Haematopoietic stem cells and early lymphoid progenitors occupy distinct bone marrow niches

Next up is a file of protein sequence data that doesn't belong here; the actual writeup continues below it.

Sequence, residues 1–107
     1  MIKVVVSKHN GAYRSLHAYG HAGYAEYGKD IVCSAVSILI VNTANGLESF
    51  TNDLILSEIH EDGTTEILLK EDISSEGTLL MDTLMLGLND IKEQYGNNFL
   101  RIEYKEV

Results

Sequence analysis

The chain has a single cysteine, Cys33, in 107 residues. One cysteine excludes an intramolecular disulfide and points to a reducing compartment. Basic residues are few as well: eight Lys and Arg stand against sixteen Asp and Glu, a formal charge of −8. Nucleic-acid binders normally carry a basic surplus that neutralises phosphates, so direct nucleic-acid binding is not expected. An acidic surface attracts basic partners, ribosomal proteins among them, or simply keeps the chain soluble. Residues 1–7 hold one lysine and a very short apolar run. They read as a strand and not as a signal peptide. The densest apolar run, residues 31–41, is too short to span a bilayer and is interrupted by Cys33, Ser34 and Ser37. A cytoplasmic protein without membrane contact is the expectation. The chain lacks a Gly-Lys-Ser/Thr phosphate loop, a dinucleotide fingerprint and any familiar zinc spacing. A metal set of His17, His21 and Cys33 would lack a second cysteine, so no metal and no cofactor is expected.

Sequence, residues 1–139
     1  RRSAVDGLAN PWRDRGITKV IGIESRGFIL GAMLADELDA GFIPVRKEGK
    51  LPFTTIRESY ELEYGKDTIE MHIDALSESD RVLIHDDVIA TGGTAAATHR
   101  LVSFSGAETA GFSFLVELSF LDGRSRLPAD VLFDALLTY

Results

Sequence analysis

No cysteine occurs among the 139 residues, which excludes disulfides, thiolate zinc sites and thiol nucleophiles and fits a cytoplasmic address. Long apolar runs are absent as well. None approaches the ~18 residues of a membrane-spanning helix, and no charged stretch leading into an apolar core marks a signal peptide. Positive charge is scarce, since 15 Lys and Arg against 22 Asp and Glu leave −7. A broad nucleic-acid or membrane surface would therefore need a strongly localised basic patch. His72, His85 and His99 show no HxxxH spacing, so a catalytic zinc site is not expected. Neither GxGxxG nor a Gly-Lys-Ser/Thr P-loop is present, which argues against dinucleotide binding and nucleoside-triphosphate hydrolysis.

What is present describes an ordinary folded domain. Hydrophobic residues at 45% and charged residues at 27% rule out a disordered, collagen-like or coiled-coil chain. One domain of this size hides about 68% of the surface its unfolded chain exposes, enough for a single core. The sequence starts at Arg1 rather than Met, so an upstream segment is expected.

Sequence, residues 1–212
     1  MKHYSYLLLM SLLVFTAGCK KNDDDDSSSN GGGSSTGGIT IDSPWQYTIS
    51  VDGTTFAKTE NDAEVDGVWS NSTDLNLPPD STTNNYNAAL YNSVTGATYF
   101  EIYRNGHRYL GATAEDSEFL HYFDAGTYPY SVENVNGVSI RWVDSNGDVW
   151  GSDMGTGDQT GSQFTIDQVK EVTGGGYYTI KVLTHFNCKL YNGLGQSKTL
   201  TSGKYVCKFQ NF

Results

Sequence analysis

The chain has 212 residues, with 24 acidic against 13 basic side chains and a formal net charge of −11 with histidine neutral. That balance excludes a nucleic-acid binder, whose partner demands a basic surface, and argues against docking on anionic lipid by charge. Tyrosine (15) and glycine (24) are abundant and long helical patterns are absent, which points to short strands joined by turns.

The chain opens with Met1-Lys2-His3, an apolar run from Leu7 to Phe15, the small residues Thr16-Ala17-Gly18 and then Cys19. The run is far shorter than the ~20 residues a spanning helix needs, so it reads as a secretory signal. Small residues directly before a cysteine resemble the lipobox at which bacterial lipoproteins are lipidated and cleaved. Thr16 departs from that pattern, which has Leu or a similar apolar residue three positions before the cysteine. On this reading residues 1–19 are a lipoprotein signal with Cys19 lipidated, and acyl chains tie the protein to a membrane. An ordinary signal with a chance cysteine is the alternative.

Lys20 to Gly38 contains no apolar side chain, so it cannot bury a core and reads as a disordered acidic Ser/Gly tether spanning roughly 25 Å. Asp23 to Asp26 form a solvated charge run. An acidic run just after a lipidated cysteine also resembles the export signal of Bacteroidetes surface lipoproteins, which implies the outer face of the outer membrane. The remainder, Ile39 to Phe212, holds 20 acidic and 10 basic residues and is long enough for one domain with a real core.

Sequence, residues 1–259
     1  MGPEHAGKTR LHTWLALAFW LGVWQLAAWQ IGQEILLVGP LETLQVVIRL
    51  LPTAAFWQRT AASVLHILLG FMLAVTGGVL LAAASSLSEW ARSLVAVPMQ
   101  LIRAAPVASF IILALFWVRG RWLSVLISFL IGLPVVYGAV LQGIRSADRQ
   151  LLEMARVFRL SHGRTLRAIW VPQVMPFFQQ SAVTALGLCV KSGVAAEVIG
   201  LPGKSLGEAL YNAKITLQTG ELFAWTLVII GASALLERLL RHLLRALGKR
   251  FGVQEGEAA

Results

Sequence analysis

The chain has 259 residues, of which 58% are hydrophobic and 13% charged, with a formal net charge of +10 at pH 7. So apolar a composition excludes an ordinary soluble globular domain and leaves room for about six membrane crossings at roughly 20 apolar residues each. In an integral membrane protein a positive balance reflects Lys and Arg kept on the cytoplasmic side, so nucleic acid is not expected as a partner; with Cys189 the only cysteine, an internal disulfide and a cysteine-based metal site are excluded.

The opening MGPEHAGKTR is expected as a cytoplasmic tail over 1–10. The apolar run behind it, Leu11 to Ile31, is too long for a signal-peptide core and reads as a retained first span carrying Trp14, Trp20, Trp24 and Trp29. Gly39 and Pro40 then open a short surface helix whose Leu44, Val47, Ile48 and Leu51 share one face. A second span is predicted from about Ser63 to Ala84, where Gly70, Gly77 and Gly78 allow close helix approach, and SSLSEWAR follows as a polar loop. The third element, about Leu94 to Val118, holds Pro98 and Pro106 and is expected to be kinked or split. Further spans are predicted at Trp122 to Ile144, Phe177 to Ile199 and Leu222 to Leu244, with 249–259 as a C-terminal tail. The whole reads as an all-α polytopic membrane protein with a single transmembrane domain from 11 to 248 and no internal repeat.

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Although haematopoietic stem cells (HSCs) are commonly assumed to reside within a specialized microenvironment, or niche1, most published experimental manipulations of the HSC niche have affected the function of diverse restricted progenitors. This raises the fundamental question of whether HSCs1and restricted progenitors2,3reside within distinct, specialized niches or whether they share a common niche. Here we assess the physiological sources of the chemokine CXCL12 for HSC and restricted progenitor maintenance.Cxcl12DsRedknock-in mice (DsRed-Express2 recombined into theCxcl12locus) showed thatCxcl12was primarily expressed by perivascular stromal cells and, at lower levels, by endothelial cells, osteoblasts and some haematopoietic cells. Conditional deletion ofCxcl12from haematopoietic cells or nestin–cre-expressing cells had little or no effect on HSCs or restricted progenitors. Deletion ofCxcl12from endothelial cells depleted HSCs but not myeloerythroid or lymphoid progenitors. Deletion ofCxcl12from perivascular stromal cells depleted HSCs and certain restricted progenitors and mobilized these cells into circulation. Deletion ofCxcl12from osteoblasts depleted certain early lymphoid progenitors but not HSCs or myeloerythroid progenitors, and did not mobilize these cells into circulation. Different stem and progenitor cells thus reside in distinct cellular niches in bone marrow: HSCs occupy a perivascular niche and early lymphoid progenitors occupy an endosteal niche.

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